Step 2: Draw a number line that includes your extremes, 7 and 51. In this case, we will use a number line from 5 to 55 using intervals of 5.
Step 3: Determine the median of the data. The middle points in the data are 22 and 24 so the median is 23. Mark the median with a point beneath the number line.
Step 4: The median separates the data into two groups as shown below:
\begin{align*}7, 10, 11, 16, 16, 19, 21, 22 \qquad 24, 29, 31, 32, 37, 38, 40, 51\end{align*}
Find the median in each of these groups. These are the quartiles which are 16 and 34.5. These divide the data into four groups. Mark the quartiles as you did the median, with a point.
Step 5: Draw boxes between the quartiles and the median.
Step 6: Mark the extremes, the smallest and largest numbers, with points. In this case, the extremes are 7 and 51.
Step 7: Draw whiskers, or horizontal lines, to connect the quartiles to the extremes.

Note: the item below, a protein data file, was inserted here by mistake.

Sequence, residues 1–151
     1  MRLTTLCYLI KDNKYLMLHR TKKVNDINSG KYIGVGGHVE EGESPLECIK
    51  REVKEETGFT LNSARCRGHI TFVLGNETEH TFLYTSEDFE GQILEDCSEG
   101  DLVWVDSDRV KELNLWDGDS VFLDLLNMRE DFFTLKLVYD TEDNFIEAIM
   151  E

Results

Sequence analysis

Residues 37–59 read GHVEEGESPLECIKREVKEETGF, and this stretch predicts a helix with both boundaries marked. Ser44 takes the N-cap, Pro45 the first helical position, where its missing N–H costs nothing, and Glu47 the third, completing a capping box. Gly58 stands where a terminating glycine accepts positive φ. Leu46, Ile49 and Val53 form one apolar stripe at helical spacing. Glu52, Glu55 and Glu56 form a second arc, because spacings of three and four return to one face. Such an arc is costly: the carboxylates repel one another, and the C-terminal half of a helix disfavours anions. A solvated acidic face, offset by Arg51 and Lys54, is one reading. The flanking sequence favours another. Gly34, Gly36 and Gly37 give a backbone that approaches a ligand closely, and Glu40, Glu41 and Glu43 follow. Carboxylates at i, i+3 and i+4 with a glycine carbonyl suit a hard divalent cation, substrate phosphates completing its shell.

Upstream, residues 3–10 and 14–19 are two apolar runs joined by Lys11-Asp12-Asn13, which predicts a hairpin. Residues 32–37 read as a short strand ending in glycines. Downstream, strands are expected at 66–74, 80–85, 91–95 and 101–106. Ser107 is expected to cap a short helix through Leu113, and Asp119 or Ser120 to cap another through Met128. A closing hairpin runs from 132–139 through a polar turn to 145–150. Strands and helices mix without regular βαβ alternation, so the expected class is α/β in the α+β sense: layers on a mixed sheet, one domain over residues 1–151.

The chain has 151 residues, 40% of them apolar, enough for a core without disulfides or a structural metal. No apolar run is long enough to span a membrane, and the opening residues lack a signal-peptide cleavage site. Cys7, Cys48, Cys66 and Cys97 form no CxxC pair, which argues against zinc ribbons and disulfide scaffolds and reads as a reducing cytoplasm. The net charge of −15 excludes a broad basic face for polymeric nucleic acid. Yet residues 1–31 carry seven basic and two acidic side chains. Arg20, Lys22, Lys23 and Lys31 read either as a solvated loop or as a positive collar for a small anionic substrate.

You can see from the box-and-whisker plot that half of the data will be found between the first quartile and the third quartile. A quarter of the data is between the minimum and the first quartile and the last quarter is between the third quartile and the maximum. The median, of course, marks the half-way point between the data.
In this particular situation, the second half of the data is stretched out over a further area than the first half and about half way is between 15 and 35.
We can make double plots or graphs when there are two factors that we are comparing. A double box-and-whisker plot can be made by drawing the second factor beneath the first factor. This will allow us to look at both factors on the same plot.
Use this box-and-whisker plot to answer the following questions.
Example A
What is the minimum extreme of this box-and-whisker plot?
Solution: @$\begin{align*}34\end{align*}@$
Example B
What is the maximum extreme of this box-and-whisker plot?
Solution: @$\begin{align*}58\end{align*}@$
Example C
What is the median?